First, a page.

Nepotism: Employment and Job Satisfaction

5741 Words Aug 29th, 2012 23 Pages
SOCIAL BEHAVIOR AND PERSONALITY, 2008, 36(9), 1237-1250 © Society for Personality Research (Inc.)

Nepotism, Favoritism aNd CroNyism: a study oF their eFFeCts oN job stress aNd job satisFaCtioN iN the baNkiNg iNdustry oF North Cyprus
Huseyin ArAsli And MustAfA tuMer Eastern Mediterranean University, Gazimagusa, North Cyprus
Nepotism, cronyism and favoritism are unprofessional practices giving preferential treatment to relatives and friends in employment. For this study a survey was carried out with 576 respondents working in the banking industry in northern Cyprus. An analysis was then conducted to assess the impact of these practices on job stress, job satisfaction, and intention to quit behavior of employees, as well as word of mouth
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However, there are very few studies that underline the importance and the effects of nepotism, favoritism and cronyism on those outcomes mentioned above at the organizational level. The present study also provided some suggestions and managerial implications for owners, politicians, managers, and employees in northern Cyprus where the banking industry constitutes an essential part of the economy. This study was, therefore, useful and innovative in the approach taken. Nepotism, Favoritism aNd CroNyism The term nepotism is derived from the Latin word for grandson or nephew. It is related to the English word nephew, which comes from Latin via Old French, ( Webster’s Third New International Dictionary (Merriam-Webster, 2000) defines nepotism as favoritism shown to nephews and other relatives, by giving them positions because of their relationship rather than their competencies. Most of the literature suggests that large firms are more likely to hire relatives as employees than are smaller firms. However, some researchers believe that nepotism is dominant in smaller firms in less developed countries (Hayajenh, Maghraki, & Al-Dabbagh, 1994; Williams & Laker, 2005).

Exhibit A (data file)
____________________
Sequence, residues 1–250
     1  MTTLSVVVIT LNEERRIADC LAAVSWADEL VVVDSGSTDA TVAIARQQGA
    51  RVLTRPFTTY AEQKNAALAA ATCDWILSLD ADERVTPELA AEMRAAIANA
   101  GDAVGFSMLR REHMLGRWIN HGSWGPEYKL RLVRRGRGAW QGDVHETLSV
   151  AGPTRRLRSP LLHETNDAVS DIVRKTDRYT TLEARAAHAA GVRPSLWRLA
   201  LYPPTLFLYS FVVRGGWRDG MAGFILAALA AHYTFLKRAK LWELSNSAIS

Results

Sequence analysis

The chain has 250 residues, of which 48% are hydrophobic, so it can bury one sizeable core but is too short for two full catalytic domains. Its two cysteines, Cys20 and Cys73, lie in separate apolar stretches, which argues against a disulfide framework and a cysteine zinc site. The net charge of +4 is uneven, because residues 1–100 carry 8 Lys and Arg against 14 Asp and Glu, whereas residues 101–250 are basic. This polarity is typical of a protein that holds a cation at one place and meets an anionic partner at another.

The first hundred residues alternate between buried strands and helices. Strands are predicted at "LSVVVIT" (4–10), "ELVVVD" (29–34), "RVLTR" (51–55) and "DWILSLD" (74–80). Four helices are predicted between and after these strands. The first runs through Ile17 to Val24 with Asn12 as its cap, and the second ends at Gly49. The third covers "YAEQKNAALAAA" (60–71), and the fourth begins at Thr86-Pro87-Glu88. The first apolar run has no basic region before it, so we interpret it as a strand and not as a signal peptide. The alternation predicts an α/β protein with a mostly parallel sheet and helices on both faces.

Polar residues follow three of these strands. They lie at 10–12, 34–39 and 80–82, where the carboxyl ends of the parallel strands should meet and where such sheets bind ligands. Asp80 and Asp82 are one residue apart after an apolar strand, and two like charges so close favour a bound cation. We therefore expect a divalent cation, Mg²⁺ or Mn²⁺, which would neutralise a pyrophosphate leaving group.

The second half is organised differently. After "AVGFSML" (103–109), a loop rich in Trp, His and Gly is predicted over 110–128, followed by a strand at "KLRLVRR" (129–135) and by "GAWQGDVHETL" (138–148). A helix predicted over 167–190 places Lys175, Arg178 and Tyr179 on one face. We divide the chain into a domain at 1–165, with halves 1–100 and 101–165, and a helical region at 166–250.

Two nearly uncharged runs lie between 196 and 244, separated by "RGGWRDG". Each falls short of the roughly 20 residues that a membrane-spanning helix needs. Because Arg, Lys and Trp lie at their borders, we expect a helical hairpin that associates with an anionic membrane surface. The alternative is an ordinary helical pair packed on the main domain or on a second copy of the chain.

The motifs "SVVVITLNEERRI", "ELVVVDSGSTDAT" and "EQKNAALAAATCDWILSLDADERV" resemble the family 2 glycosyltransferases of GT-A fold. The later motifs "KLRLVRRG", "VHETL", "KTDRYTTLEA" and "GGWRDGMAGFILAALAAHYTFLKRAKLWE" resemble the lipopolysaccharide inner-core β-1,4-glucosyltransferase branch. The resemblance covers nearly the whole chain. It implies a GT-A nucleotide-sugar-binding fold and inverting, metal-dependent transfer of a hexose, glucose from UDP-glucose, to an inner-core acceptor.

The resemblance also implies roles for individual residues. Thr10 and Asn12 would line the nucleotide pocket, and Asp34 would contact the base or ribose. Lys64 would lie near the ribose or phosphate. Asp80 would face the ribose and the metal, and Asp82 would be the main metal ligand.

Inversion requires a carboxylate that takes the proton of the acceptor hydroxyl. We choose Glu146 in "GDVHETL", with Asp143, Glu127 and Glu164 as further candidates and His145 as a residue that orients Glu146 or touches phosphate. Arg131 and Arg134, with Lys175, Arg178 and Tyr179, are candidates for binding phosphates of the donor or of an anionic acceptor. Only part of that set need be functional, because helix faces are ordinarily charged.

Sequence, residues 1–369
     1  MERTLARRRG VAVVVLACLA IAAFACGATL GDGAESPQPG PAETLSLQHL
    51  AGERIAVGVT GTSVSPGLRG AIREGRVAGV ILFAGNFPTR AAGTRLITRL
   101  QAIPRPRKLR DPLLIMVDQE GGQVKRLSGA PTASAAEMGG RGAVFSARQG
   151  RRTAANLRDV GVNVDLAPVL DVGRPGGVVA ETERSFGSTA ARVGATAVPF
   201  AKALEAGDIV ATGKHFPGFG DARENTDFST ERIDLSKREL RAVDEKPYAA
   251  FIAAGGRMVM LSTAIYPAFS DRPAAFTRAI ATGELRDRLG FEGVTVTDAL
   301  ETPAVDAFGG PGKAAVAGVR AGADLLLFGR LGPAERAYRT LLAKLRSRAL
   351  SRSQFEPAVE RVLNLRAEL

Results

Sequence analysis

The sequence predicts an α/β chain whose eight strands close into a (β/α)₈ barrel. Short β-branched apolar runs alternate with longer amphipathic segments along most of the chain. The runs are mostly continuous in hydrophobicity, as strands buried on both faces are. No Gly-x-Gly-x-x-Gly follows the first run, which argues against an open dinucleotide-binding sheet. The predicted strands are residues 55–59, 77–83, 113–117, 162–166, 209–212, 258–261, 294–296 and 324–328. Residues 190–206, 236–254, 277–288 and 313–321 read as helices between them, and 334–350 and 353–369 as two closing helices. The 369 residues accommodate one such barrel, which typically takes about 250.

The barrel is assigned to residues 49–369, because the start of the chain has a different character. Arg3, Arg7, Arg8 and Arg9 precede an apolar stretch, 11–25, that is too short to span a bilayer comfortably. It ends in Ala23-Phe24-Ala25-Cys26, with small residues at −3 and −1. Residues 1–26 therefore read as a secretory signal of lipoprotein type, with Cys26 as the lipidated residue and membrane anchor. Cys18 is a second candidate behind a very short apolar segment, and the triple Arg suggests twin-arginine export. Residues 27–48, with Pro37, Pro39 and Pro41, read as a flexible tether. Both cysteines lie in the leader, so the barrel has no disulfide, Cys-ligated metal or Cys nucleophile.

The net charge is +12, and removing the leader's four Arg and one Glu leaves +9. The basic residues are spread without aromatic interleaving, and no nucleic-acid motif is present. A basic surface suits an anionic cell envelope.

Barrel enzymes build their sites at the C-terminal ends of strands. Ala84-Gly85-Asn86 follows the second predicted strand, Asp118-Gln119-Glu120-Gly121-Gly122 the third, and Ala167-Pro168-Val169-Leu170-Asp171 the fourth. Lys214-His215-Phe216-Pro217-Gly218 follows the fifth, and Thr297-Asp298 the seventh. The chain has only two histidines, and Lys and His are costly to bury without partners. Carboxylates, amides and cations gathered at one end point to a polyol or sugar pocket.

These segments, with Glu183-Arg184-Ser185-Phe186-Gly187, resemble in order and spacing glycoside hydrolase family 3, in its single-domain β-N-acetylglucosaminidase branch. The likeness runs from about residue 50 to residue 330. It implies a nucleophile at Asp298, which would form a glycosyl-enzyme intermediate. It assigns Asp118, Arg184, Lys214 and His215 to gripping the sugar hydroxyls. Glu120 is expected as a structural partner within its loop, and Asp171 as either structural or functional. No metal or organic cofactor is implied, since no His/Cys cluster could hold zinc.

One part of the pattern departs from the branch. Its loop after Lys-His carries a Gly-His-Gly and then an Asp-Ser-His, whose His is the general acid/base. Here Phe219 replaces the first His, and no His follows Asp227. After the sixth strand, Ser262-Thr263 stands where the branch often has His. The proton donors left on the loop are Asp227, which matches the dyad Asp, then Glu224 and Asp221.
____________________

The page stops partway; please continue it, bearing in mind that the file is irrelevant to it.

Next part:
Cronyism is defined as giving preference to politicians’ particularly to cronies (close friends of long standing), especially as evidenced in the

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